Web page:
US defense secretary Robert Gates said Tuesday night, April 27: "Hizballah has far more rockets and missile than most governments in the world." He and Israeli defense minister Ehud Barak were talking to reporters after their talks in the Pentagon. Military sources did not see his as high commendation for Barak's achievements as defense minister. All he had to contribute on this occasion was: "We do not intend to provoke any kind of major collision in Lebanon or with Syria, but are watching closely these developments."
Gates went on to accuse Syria and Iran of "providing Hizballah with rockets of ever-increasing capability," adding, "This is obviously destabilizing for the whole region and we're watching it very carefully.
Both defense chiefs seemed to think that careful watching would somehow erase the hostile buildup of deadly hardware. In fact, Barak's comment told Iran, Syria and Hizballah they had nothing to fear from continuing their "carefully watched" buildup, even though Syria took it a step forward this month. As debkafile's military sources reported last week, Syrian instructors have trained two Hizballah brigades in the use of mobile Scud missiles which carry one-ton warheads. It does not matter if those missiles are moved physically across the border to Lebanon, because those brigades can operate them against Israel at short notice from either side of the border.
Our Washington sources report that Syrian president Bashar Assad, under heavy pressure from Washington to keep the Scuds out of Hizballah's hands, explained to the Obama administration through diplomatic channels that as long as they were kept inside Syria, the Scuds must be seen as a defensive and deterrent weapon against a possible Israeli attack on Lebanon and Syria. He thus placed on Israel the onus for any future outbreak of hostilities.
Gates' accusation of Iran and Syria Tuesday was the administration's way of telling Damascus that it does not buy that message.
Unlike the United States, Israel has a ringside seat for watching the rockets and missiles pile up just across its 70-kilometer long border with Lebanon. Gates' comment – and even more Barak's assurance – gave Syria and the Hizballah space to carry on building a mighty arsenal, which is aimed at only one country, Israel.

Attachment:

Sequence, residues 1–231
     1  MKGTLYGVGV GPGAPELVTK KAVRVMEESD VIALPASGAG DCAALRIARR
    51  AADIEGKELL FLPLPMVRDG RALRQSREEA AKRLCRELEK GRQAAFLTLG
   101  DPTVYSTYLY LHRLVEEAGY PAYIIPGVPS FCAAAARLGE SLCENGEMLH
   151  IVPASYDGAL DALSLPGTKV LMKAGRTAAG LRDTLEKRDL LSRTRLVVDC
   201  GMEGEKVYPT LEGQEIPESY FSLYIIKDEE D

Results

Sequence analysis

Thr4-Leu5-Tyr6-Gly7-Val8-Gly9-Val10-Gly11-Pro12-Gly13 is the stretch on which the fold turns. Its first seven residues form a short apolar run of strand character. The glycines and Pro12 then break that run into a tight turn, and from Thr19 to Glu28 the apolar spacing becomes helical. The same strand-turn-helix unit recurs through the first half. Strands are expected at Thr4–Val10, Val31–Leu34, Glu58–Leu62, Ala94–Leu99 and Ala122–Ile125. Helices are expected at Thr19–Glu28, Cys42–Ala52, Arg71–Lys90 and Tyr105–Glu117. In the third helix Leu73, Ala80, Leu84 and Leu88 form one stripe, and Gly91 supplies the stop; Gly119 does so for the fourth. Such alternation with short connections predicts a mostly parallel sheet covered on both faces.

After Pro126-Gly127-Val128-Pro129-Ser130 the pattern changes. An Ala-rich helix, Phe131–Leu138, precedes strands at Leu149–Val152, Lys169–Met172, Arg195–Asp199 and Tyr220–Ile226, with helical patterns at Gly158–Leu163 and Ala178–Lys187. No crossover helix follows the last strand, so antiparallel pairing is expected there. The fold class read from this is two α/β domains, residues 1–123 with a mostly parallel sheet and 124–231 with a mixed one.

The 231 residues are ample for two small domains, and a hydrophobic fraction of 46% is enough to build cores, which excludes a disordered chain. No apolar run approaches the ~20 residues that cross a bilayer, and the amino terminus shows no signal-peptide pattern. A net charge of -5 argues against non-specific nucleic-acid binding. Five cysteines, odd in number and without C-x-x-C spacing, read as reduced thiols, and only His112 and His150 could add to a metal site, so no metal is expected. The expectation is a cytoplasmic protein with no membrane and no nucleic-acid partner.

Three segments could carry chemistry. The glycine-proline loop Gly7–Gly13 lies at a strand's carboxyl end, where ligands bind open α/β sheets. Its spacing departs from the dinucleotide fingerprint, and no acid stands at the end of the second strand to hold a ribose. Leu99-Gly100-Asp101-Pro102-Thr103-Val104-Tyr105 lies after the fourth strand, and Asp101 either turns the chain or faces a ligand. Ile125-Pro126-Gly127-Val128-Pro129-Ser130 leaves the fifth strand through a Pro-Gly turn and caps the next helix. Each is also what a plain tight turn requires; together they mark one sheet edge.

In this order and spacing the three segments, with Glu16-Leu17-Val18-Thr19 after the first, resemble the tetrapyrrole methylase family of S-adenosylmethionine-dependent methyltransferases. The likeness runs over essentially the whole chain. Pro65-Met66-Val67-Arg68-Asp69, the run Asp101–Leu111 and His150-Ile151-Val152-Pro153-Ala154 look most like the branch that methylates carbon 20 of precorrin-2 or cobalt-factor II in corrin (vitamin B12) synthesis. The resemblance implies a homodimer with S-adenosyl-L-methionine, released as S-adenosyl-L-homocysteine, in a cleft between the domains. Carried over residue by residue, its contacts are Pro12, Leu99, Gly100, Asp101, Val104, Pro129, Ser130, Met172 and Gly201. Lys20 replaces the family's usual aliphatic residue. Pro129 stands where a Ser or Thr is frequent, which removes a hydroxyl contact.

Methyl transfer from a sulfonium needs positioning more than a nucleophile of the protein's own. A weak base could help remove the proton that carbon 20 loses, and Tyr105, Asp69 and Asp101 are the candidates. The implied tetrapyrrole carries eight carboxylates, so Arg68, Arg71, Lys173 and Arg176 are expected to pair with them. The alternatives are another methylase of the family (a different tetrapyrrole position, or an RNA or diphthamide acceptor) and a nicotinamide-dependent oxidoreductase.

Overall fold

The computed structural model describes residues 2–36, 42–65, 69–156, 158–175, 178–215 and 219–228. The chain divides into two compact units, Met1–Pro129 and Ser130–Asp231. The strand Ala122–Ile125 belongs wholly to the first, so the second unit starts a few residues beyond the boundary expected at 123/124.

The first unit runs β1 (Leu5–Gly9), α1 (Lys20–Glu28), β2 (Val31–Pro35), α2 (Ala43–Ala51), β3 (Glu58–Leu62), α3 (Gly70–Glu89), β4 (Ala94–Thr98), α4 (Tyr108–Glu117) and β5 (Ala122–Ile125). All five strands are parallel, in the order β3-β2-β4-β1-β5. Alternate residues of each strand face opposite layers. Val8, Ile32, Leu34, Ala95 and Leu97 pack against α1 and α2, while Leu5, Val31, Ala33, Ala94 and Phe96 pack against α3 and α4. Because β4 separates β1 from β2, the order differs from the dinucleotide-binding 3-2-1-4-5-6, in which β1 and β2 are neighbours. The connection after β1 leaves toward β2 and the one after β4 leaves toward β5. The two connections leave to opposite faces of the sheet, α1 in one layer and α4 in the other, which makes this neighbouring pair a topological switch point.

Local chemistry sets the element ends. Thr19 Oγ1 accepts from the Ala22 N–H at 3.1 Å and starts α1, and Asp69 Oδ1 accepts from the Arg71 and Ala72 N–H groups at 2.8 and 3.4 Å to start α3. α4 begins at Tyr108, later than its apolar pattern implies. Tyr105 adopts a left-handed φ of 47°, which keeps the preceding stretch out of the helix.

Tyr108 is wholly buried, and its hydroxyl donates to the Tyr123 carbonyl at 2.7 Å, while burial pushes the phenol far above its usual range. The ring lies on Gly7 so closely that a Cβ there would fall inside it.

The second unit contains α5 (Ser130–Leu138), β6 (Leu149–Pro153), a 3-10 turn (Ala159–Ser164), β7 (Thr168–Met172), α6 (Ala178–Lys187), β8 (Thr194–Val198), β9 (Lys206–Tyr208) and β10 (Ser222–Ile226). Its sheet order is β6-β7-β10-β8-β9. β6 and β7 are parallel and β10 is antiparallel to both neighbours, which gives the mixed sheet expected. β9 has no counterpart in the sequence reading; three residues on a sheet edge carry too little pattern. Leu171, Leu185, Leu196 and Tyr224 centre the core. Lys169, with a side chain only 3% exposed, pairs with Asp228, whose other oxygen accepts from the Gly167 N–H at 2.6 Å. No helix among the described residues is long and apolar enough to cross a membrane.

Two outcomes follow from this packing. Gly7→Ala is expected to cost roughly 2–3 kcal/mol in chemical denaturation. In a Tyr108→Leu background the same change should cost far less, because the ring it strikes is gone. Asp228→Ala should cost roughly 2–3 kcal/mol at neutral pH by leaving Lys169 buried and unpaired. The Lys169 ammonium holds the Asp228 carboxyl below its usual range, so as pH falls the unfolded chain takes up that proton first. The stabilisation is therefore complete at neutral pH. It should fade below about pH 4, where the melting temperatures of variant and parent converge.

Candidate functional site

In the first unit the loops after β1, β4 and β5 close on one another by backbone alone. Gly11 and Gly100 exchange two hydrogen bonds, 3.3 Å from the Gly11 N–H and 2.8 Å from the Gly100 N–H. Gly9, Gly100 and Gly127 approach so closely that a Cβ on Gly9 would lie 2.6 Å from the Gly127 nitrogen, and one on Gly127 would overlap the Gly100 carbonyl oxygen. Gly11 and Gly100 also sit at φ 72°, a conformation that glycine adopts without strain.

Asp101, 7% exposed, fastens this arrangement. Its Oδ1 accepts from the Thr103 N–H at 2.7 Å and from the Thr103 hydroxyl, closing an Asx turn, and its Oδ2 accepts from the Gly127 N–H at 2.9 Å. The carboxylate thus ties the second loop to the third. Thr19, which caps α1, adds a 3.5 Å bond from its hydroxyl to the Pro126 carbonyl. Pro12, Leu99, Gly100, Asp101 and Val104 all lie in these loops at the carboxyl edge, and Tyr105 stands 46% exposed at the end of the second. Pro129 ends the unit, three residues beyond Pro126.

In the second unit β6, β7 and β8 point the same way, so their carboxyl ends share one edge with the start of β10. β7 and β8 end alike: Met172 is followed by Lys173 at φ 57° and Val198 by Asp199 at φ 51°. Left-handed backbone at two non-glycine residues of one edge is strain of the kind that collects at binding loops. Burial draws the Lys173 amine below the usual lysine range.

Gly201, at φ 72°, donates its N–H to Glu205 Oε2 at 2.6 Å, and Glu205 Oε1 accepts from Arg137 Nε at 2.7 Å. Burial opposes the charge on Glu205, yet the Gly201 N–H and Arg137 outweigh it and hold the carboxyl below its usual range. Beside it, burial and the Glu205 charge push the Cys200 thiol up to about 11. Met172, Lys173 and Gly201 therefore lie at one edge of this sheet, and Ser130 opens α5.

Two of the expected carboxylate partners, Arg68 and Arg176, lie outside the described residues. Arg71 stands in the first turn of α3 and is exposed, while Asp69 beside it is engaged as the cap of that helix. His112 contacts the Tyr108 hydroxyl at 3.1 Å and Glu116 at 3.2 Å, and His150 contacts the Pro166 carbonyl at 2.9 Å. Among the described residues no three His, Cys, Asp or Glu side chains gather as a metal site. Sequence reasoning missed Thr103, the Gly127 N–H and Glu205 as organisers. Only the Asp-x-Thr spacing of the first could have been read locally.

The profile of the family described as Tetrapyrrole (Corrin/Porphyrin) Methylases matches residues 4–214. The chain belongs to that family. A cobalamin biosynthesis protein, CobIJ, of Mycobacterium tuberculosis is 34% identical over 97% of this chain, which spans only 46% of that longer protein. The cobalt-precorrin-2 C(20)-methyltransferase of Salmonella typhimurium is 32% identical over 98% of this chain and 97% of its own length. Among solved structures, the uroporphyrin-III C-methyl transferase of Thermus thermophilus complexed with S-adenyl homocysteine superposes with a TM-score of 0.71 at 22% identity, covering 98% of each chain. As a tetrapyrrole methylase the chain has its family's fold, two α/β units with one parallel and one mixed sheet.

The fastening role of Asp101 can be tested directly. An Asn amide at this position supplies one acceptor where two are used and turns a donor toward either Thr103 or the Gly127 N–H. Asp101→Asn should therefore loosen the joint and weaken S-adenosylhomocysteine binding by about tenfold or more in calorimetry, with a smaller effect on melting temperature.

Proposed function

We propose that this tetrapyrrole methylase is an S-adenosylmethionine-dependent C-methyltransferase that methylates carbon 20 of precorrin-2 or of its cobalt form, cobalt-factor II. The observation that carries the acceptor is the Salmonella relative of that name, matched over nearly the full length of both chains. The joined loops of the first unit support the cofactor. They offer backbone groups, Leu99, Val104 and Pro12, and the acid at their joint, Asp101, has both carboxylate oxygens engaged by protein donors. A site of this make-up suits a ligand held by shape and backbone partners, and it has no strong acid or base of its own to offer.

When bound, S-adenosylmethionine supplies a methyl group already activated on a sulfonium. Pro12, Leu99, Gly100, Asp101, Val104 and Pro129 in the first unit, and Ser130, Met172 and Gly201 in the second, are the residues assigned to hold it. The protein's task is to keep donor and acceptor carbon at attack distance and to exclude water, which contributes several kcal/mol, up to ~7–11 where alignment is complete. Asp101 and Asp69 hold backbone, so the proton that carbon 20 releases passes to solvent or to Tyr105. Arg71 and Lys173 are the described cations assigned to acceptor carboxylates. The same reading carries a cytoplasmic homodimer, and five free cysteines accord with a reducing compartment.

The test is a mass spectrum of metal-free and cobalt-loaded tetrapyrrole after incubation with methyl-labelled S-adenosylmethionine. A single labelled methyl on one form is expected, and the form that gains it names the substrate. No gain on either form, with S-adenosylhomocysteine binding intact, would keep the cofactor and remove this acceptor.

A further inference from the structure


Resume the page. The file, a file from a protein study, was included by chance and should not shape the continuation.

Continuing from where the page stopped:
Barak as defense minister, prime minister Binyamin Netanyahu and Israel's security chiefs need to explain how Hizballah was allowed in the four years since the 2006 war to pile up tens of thousands of rockets and missiles, which in volume and sophistication have already overtaken the weaponry that battered northern Israel then and which have extended their reach to all parts of Israel.
"Careful watch" – without corresponding action to interrupt the massive flow of weapons shipments constantly smuggled in from Syria to Hizballah – is a repeat of the misplaced self-restraint which invited the Hizballah to launch the last Lebanon conflict in the summer of 2006. Dragging Israeli and its homeland into war in the summer of 2010 would serve the political and military interests of Iran, Syria and Hizballah well. It would generate a Middle East crisis overwhelming enough to focus international efforts on calming the situation, so distracting the world's attention Iran's arrival at the critical stages of its nuclear bomb program and its drive for sanctions against the Islamic Republic.